This time last year, we’d just concluded a strategic plan in response to an existential crisis: would we survive? And, should we?
As it turned out, our attention shifted to a different question: what matters most? What work, outcomes, and impact, were calling us?
I reflected on how Jewish learning has affected my life. It’s helped me to be a better husband, better father, better son, better brother, better friend, better neighbor, better citizen. It informed my life with joy and purpose. It helped me understand my place in the world and with whom I belong. It provided tools with which I could discern what success and happiness mean. It opened my eyes to the many blessings life has provided me. It deepened my connections with and obligations to my family, community, and the world. It helped me understand what and whose story I am a part of.
In short, Jewish learning helped me understand how to live.
I cannot imagine any treasure this world can offer that would have given me greater value.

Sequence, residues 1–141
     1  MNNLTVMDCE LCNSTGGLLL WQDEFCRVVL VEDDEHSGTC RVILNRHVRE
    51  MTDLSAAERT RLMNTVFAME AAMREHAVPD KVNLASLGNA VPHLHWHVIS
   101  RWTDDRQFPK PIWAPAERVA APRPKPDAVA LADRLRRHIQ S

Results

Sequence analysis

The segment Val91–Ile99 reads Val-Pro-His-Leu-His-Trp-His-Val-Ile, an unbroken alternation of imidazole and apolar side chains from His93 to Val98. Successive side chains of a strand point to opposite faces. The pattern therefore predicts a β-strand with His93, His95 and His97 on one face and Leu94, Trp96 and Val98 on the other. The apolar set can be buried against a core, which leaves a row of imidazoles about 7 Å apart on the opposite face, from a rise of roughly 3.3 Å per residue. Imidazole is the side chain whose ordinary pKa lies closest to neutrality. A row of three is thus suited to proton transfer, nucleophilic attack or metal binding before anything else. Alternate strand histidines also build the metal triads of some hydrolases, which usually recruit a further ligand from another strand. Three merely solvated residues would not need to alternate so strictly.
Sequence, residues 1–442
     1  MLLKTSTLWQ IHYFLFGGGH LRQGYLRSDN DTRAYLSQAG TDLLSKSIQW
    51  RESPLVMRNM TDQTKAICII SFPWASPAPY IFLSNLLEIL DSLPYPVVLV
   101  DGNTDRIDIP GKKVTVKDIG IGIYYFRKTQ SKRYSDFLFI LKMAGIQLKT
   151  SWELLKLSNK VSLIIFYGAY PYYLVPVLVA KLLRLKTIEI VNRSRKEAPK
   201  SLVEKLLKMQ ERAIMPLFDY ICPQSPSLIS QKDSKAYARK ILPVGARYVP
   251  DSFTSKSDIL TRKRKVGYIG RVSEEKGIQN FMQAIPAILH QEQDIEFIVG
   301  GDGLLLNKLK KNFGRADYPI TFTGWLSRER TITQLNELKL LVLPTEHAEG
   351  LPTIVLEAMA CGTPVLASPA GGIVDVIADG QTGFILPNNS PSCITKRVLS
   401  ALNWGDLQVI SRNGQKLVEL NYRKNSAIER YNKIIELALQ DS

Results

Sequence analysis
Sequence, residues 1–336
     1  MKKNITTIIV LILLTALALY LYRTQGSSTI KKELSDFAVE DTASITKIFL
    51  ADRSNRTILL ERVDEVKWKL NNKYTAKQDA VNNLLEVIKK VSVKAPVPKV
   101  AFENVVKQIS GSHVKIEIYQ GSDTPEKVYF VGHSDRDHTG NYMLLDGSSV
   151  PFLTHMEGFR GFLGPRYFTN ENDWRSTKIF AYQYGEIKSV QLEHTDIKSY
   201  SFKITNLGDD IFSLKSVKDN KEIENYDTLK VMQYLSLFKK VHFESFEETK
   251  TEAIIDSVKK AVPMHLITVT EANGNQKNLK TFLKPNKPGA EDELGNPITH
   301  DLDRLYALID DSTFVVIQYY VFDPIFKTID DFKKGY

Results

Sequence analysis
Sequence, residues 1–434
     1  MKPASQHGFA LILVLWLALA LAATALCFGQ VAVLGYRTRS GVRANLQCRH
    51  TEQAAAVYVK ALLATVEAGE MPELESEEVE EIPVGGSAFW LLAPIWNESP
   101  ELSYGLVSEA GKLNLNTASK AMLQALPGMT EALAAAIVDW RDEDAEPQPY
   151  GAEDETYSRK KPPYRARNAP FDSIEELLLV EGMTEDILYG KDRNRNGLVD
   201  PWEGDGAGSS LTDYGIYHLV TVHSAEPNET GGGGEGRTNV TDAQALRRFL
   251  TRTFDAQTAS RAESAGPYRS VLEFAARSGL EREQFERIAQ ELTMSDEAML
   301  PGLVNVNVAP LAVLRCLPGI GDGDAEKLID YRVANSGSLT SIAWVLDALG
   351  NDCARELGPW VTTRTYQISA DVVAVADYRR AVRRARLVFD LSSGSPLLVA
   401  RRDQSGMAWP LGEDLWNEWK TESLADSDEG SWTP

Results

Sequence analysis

Unpacking this treasure, the inheritance of every Jew, and sharing it as effectively as possible, emerged as our purpose. At once simple and complicated, it is important and, in this brave new world of ours, urgent.
Jewish LearningWorks advances Jewish learning that enriches lives, and that enables the learner to flourish as a human being and as a Jew.
To achieve these goals, we began to deconstruct many aspects of our work and then, based upon this emerging sense of purpose, build them back up again. Often, I see goals articulated as more engagement for more Jews. But those are not goals. To us, engagement of more Jews matters if that engagement enables them to thrive and deepen their impact on the world.
Metrics matter; as you will see in our annual report, we track them assiduously. But we want to understand how our work changes lives! We want to know how our work empowers teachers and parents to enable their students and their families to grab hold of their Jewish inheritance and thrive!
I hope you will take a few minutes to review our story.
If our work, our approach, our outcomes, are consistent with your values, if you feel we are building the Jewish community you wish to have – please give. This approach is not for everyone; if it is for you, then it needs you to support the change you wish to see in the world.
We are grateful to those who have contributed this year; you are among the reasons we have survived our “existential crisis.” If you have not yet contributed or if you are moved to contribute more, I invite you to take part in the emerging and exciting world of 21st century Jewish learning.